The Creative Architect: Inside the Great Midcentury Personality Study

"THEY COULDN'T BE quite as wild as artists." This was how a colleague explained the psychologist Donald MacKinnon's choice of architects as subjects for his landmark 1958–59 study of creativity at UC Berkeley's Institute of Personality Assessment and Research. MacKinnon had begun to focus on creativity a few years earlier, but he recognized one clear problem: Creativity could obviously take many forms—from the poet's mad genius to the scientist's brilliant logic. MacKinnon could never hope to gather all creative types into a single study. But what if he could find a middle ground, a creative practice where imagination evolved in dynamic response to the conditions of the real world? This was just what architecture seemed to offer, and MacKinnon set out to persuade a virtual who's who of the profession to join his study. Although a few invitees turned him down—Mies van der Rohe and Marcel Breuer both regretfully declined, citing hectic schedules—the list of eventual participants included luminaries such as Richard Neutra, Eero Saarinen, Louis Kahn, and Philip Johnson.

MacKinnon never published his results, which remained buried in the Institute's archives until they were rediscovered by San Francisco–based architect Pierluigi Serraino. In The Creative Architect: Inside the Great Midcentury Personality Study, Serraino presents a rich and meticulously sorted selection of this material, accompanied by his own analysis. A great (if slightly guilty) pleasure of the book is the behind-the-scenes look it offers into the minds of so many proto-starchitects: Johnson, a notorious self-promoter, ranked himself first when asked to evaluate the creative output of all participants; even more delicious are a psychologist's notes characterizing Johnson as "a controlled psychotic…. [who] showed many classic features of the manic." If anything, such snippets lack the sense of discovery that normally attends a new fact about a well-known figure, simply because they conform all too well to our expectations—sometimes hilariously so.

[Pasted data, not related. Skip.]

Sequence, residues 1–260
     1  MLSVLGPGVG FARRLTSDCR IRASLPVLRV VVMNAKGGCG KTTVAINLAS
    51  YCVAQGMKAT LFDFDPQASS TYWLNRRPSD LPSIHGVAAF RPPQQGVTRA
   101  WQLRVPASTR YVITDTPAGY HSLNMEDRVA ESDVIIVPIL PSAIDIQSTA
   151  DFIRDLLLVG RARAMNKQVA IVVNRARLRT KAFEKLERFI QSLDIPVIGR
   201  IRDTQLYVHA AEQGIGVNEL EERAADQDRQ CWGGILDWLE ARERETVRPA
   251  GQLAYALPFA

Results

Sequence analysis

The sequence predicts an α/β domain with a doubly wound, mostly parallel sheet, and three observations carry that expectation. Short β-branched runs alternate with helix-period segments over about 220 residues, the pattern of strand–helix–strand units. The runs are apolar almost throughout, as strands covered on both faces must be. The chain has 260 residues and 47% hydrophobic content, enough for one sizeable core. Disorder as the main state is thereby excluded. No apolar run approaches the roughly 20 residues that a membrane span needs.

Worley Wong’s response to Donald Mackinnon’s Mosaic Construction test, 1958. Courtesy The Institute of Personality and Social Research, University of California, Berkeley/The Monacelli Press.

MacKinnon's insights themselves are often so vague and clichéd that they become nearly meaningless, as when he posits that "the truly creative person knows who he is, where he wants to go, and what he wants to achieve." This was perhaps because of the crudeness of his evaluative tools, which ranged from the Rorschach test to the Mosaic Construction test, a task in which subjects were asked to arrange one-square-inch colored tiles into a rectangular grid. Many of the resulting designs are beautifully reproduced in this book, but despite being graded on a numerical scale that includes such "scientific" criteria as "good use of color" and "pleasingness," they are scarcely revealing. Yet the limitations of the study's strict tests contain, in a sense, the most fundamental lesson of Serraino's book. If MacKinnon was correct in his hunch that architects are most inventive when confronting their inevitable entanglement in the world, he failed to recognize that this also means they do more than merely find solutions to problems. Their creativity lies in sorting through an immense array of information and evaluating myriad constraints to decide which problems are worth solving in the first place, and which rules should be followed to achieve a solution. MacKinnon discovered that there is no test that can measure an architect's greatest asset: his or her particular brand of omnivorous and synthetic thinking. Architects may well display their greatest creativity in designing their own creative process.